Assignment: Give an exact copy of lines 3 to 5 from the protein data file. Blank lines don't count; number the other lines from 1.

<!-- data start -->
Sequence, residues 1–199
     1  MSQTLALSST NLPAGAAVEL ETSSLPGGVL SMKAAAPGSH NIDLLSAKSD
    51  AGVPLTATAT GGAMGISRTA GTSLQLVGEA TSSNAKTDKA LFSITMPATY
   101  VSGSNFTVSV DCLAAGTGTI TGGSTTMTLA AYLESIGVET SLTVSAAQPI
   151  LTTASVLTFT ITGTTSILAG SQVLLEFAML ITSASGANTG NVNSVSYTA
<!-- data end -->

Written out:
    51  AGVPLTATAT GGAMGISRTA GTSLQLVGEA TSSNAKTDKA LFSITMPATY
   101  VSGSNFTVSV DCLAAGTGTI TGGSTTMTLA AYLESIGVET SLTVSAAQPI
   151  LTTASVLTFT ITGTTSILAG SQVLLEFAML ITSASGANTG NVNSVSYTA